4 Ways to Be Nice to Your Teeth This Holiday Season
When you go into your dentist’s office, you can bet that your dentist will have a list of dental concerns to address, and he or she will likely check it twice. In just a few minutes of examination, your dentist will know whether you’ve been naughty or nice to your teeth during the holidays. He or she can tell if you’ve been flossing, and he or she will know if you’ve been using proper brushing techniques.
If you want to come away from your appointment with a smile rather than a pout (and a hefty bill), take extra care of your teeth this season. The following tips and pointers can help you fight gum inflammation and minimize the likelihood of tooth decay.
- Let the Nutcracker Do the Work
The vitamins and minerals in nuts can greatly improve the health of your teeth and gums. Almonds, for example, offer plenty of calcium, which supports strong bones and connective tissue. Similarly, walnuts supply calcium as well as magnesium, phosphorus, and zinc, which optimize calcium absorption.
However, nuts do pose problems if you try to open the shell with your teeth. If you don’t exercise care, you may loosen, crack, or chip a tooth in an attempt to pry that last pistachio out of its shell.
To enjoy the benefits without the risks, use a nutcracker to pull apart the shell. Don’t have a nutcracker on hand? Wrap the nuts in a towel and smack them with a hammer or similar object. The towel will hold the nuts in place and cushion the blow if you miss.
- Choose Tooth-Friendly Snacks
The holiday season presents countless opportunities to snack, nibble, and munch with your friends and family. But if you want a healthier smile this season, make tooth-friendly swaps whenever you eat appetizers, snacks, and hors d’oeuvres.
Rather than chowing down on chips and dip (which will stick to your teeth), select from the cheese platter (as dairy neutralizes acids in your mouth). Instead of chugging the sugar-filled eggnog, opt for water, milk, or unsweetened tea. If you must choose between caramel popcorn and dark chocolate peppermint bark, pick the chocolate for its cavity-fighting polyphenols.
Not sure if a treat is helpful or harmful? As a general rule, avoid any sticky-sweet foods that linger on your teeth long after you indulge. Similarly, watch out for hard, crunchy foods that may chip a tooth. When in doubt, pick fresh fruits and vegetables, and remember to rinse your mouth with water after you eat.
- Incorporate Dessert as Part of the Meal
If you’ve been good all year, you may feel tempted to be a little naughty during the holidays and indulge in fanciful desserts that you might not otherwise. That slice of grandma’s homemade apple pie may seem too irresistible to pass up, and that delightfully frosted sugar cookie may call out to you.
Fortunately, you don’t have to sacrifice all sweets to protect your teeth. You simply have to exercise a little restraint and time your desserts with care.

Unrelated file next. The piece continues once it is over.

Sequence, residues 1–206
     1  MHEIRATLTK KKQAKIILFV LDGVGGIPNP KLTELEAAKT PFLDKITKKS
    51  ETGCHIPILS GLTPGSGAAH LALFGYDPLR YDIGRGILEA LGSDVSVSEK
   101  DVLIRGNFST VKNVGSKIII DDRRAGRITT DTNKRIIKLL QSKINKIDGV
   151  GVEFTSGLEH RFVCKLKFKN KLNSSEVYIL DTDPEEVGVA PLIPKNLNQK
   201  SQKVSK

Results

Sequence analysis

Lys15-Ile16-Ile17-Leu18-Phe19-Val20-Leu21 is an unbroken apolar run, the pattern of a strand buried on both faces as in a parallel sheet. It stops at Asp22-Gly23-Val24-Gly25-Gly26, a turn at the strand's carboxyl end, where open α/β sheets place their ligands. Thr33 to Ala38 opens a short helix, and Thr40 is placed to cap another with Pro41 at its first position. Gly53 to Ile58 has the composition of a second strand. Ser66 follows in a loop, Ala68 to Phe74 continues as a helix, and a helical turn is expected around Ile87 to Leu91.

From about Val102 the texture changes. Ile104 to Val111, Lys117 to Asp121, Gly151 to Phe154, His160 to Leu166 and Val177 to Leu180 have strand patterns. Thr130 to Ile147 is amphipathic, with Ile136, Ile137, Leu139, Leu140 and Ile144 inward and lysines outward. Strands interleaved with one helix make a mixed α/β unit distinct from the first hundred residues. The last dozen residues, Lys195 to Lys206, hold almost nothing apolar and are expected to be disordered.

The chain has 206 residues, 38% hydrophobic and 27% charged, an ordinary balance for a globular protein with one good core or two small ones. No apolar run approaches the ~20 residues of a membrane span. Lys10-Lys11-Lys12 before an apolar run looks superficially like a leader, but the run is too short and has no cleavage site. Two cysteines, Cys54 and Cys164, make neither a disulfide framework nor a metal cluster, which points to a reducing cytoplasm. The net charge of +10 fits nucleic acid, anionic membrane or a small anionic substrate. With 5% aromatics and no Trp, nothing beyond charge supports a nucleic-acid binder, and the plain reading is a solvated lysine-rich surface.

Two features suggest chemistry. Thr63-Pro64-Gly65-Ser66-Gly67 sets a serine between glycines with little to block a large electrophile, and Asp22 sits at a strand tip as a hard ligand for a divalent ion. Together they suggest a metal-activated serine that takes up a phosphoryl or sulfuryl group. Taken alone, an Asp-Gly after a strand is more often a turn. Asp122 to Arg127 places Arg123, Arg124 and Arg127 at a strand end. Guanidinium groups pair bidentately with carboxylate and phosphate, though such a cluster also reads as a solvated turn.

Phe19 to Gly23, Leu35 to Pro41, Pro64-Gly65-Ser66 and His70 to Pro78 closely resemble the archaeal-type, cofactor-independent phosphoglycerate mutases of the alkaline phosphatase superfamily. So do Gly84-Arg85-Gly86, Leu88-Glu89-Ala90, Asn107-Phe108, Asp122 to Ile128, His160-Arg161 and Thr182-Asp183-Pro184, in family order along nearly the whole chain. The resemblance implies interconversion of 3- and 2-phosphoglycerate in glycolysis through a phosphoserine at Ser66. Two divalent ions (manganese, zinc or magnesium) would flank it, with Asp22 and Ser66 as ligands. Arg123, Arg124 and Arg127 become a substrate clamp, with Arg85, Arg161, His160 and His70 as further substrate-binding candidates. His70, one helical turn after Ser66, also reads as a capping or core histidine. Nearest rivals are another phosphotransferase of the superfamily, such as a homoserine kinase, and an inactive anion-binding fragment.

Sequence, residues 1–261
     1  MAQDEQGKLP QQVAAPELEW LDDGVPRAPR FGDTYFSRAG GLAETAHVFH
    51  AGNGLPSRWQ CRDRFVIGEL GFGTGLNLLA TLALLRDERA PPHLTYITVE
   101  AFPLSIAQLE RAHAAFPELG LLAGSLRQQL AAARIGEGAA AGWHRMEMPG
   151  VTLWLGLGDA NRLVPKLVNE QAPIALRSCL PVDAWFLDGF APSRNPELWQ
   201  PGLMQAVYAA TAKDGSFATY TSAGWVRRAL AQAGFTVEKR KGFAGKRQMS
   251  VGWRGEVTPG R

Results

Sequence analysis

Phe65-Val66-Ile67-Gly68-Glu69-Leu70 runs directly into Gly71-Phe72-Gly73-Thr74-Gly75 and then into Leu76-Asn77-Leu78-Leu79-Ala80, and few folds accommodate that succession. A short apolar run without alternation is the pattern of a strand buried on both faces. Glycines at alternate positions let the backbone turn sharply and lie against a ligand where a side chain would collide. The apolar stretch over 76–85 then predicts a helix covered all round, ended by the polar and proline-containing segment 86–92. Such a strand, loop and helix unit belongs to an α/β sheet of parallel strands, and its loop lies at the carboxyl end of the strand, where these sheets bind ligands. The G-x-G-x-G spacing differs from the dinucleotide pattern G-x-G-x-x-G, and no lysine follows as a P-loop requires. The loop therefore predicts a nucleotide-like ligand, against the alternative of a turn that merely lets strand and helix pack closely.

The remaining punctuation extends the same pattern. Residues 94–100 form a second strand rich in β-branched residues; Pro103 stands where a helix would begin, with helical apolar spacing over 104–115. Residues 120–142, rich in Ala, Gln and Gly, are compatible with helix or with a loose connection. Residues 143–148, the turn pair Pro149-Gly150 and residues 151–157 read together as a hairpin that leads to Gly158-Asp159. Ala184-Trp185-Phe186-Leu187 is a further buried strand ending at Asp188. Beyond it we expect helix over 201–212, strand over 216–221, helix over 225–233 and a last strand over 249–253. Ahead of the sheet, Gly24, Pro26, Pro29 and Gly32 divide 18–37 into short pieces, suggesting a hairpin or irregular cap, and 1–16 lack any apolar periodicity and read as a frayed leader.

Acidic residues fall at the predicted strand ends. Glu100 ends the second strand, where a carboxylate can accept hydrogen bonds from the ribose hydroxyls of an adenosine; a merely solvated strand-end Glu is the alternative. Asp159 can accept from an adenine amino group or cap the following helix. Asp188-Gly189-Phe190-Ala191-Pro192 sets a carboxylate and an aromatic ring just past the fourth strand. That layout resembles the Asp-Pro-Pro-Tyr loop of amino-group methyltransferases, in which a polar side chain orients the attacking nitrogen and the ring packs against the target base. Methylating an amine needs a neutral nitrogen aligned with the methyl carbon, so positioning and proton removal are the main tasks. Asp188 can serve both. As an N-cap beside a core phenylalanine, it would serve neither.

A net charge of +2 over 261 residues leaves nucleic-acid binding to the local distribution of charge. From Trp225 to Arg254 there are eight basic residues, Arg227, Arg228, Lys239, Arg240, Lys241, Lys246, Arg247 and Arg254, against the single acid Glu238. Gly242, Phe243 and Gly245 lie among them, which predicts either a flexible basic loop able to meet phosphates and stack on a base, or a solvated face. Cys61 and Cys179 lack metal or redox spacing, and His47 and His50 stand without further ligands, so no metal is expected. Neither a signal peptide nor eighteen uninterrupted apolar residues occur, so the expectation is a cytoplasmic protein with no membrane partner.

To minimize damage, eat your delicacies alongside a healthier meal rather than making dessert a separate affair. Large meals stimulate your saliva production, and your saliva effectively neutralizes acid while rinsing away food particles that stick to your teeth.
If you must eat dessert separately, chew on sugar-free gum afterward to keep your saliva production going.
- Take Time to Relax and Unwind
The holidays can introduce a lot of extra stress and pressure in your life, especially if you have to cater to large groups of people. You may have to juggle multiple family events with your already hectic work schedule. You might have to cook batch after batch of cookies for the neighborhood social. Or, perhaps you need to house your sister-in-law and her three kids while they visit from out of state.
This extra stress can wreak havoc on your teeth, gums, and mouth. During particularly anxious moments or frustrating moments, you may clench and grind your teeth until they crack. In your rush to keep everyone else happy, you might forget to brush and floss. If you feel nervous about giving the annual speech at the party, you might develop dry mouth.
To keep your teeth (and your sanity) this year, make sure to take time for yourself amidst all the hustle and bustle. Take a long hot shower or soak in the bathtub after a day of shopping for gifts. Lock yourself in your bedroom and read that novel you’ve neglected for months. Or, crank up some seasonal tunes and dance away your nervous energy.
Enjoy the Festivities Without the Cavities
You and your family deserve a holiday season filled with happy, healthy smiles. When you combine your daily oral routine with the above tips, you can significantly reduce your likelihood of cavities without sacrificing the fun and magic of the season.
Just remember to book your annual dental checkup after the fun has ended so you can keep your teeth in great shape.